Words of Healing ~ gogyohka & sijo

collection of poems
in heartfelt delivery
friends from near and far
hear labor of love in words
poetry reading

I wrote a gogyohka this morning, then realized
I could use the same theme to write a sijo to respond to
Ronovan Writes Sijo Wednesday Challenge #44: Overcome.

Words of Healing

Searching both heart and soul,
       a poet finds words of healing.

Held close at first, they come alive
       when read to a circle of friends.

Recovery follows loss,
       as a gentle rain quenches a drought.

Listen ~ quadrille


A voice carries, soft
as the words it holds,
edged when they demand.
You want to know more.

Look into the poet’s eyes,
and see the weight of the words?
Or look away, and feel them
float through you?

Listen, and you will know.

I attended the Open Mic Poetry Reading at Gumbo Bottoms Alehouse, last night.
(photo from Jan. 10 reading)

This poem is my response to Eyeing the Quadrille #147, the prompt from Björn at dVerse ~ Poets Pub, which is to use a form of the word eye in a 44-word poem (excluding title), with no required meter or rhyme.

A Poet’s Voice

A Poet’s Voice

Thoughts flow
from page
or screen,
smoothly, even when
in juxtaposition. That is

poetry. You may experiment
with inflection, reading it
aloud, wondering
how the author meant it
to be heard. You learn

for yourself, her nuance
making it clear,
when she turns
the page
and speaks.

 Off-prompt for Day 29 of National Poetry Writing Month/Global Poetry Writing Month from NaPoWriMo 2017.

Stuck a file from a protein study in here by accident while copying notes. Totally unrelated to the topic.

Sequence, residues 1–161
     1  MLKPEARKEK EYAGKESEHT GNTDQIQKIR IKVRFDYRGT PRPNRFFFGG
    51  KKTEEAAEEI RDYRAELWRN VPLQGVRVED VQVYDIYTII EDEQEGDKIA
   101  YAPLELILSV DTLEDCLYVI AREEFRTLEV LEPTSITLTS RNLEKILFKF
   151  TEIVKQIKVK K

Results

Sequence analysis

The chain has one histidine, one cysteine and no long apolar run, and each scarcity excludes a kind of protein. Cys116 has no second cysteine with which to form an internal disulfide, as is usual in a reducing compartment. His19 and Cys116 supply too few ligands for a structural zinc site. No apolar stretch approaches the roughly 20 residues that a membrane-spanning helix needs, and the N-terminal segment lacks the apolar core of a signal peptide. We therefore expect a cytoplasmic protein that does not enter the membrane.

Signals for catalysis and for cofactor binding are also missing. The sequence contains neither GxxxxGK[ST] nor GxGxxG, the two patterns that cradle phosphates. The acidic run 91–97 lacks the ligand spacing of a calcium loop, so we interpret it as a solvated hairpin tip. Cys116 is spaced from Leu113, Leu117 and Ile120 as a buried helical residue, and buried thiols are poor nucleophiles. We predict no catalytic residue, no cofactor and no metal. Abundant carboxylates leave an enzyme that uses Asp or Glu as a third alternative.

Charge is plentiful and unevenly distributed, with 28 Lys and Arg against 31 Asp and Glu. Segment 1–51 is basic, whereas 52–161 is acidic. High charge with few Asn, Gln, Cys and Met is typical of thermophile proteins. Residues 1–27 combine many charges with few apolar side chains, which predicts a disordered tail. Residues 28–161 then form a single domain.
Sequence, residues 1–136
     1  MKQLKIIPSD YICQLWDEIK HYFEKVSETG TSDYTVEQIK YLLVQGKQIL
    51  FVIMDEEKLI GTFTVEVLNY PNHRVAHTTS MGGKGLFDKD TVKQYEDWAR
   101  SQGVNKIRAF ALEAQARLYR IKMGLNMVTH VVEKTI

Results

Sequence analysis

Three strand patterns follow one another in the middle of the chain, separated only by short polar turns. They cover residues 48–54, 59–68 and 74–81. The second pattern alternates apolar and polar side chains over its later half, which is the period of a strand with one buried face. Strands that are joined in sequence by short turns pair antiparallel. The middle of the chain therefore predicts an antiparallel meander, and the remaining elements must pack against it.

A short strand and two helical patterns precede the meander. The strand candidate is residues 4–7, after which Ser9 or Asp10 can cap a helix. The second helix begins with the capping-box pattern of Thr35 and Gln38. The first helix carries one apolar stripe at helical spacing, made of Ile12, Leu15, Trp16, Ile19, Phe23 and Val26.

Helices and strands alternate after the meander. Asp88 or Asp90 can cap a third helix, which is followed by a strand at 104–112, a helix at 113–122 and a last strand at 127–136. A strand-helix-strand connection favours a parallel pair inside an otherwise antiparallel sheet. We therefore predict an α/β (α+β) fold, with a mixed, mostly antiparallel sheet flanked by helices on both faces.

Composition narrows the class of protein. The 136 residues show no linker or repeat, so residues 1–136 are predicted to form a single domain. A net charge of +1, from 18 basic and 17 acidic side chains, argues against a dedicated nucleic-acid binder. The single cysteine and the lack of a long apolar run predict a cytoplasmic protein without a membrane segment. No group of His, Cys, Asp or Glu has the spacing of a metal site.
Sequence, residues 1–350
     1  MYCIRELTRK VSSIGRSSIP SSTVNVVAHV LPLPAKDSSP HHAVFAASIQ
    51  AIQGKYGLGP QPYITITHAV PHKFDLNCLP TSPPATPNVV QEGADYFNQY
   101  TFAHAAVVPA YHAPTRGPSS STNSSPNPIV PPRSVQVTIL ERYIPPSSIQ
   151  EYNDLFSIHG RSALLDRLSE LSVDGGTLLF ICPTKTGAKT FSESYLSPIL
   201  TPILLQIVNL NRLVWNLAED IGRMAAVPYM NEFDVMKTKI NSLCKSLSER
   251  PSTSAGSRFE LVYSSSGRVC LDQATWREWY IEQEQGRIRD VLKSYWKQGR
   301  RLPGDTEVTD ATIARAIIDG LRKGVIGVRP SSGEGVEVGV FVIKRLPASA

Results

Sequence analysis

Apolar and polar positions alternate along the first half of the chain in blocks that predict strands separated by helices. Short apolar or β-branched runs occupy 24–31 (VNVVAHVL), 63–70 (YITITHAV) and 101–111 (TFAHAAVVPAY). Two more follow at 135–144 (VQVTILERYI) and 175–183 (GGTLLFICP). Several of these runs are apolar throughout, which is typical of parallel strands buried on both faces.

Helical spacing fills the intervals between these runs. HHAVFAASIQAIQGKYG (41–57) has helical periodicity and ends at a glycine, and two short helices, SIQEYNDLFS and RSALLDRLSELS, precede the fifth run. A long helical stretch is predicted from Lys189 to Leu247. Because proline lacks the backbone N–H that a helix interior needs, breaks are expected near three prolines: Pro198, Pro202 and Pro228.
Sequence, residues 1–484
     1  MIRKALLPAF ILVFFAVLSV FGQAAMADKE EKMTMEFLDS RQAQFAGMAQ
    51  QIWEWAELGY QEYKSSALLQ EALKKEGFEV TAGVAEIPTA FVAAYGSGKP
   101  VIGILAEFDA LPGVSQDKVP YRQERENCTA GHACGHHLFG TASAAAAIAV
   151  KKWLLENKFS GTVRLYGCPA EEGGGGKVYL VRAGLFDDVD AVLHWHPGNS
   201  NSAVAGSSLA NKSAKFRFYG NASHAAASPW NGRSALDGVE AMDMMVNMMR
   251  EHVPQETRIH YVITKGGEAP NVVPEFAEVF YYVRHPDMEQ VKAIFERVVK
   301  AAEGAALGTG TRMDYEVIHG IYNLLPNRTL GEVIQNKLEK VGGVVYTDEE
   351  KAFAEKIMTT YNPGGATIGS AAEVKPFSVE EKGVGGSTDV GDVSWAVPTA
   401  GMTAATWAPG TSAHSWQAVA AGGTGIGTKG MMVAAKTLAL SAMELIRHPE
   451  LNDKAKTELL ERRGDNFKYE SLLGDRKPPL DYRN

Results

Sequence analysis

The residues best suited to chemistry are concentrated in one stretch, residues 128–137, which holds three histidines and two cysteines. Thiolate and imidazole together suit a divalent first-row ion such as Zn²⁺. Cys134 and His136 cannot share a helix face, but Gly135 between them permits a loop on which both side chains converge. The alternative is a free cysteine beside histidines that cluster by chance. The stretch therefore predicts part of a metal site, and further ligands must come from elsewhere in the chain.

Photo:  Cleopatra Mathis at The Unbound Book Festival at Stephens College, Columbia, Missouri – 22 April, 2017

NaPoWriMo 2017GloPoWriMo 2017

Pressing Matters


Pressing Matters

I do accept,
indeed appreciate,
this wonder of poetry
reaching me from the ether
to settle on my monitor
or Kindle,
something only imagined in
my youth and early adult years
and only in fantastic stories,
on printed pages bound and found
on a shelf.

But, oh how I enjoy
reaching for that shelf,
for bound volumes
holding page after page of poetry,
both classics and instant classics,
and the sense that
they can speak to me at any time,
with the mere turn of a page
held there in my hand,
their words having
a new-found immediacy courtesy of
the awakening delivered by
the poetry received through the ether.

My poetry collection is not extensive, and I should access it more often, but I do enjoy the whole tactile experience and the time spent reading and rereading a line to absorb its impact, regardless of the impatience of the page waiting to be turned to reveal more. Thankfully, monthly issues of Poetry draw me back to the printed page, as do occasional gifts of poetry.

Eyes Wide Open

Eyes Wide Open

stars brought to life on the page
mentors to a child

Isaac, Arthur, Ray
open the eyes of a child
hope found in the stars

guides in a child’s eyes
Asimov, Bradbury, Clark
captains of the stars

This haiku series is my response to RonovanWrites Weekly Haiku Prompt Challenge #82, with the two word prompts of star and child.

Upon reading Isaac Asimov, Ray Bradbury and Arthur C. Clark as I became a teenager in the mid-sixties, I came to see the stars in a whole new light.

Image source: NASA & ESA, via Astronomy Picture of the Day, January 24, 2016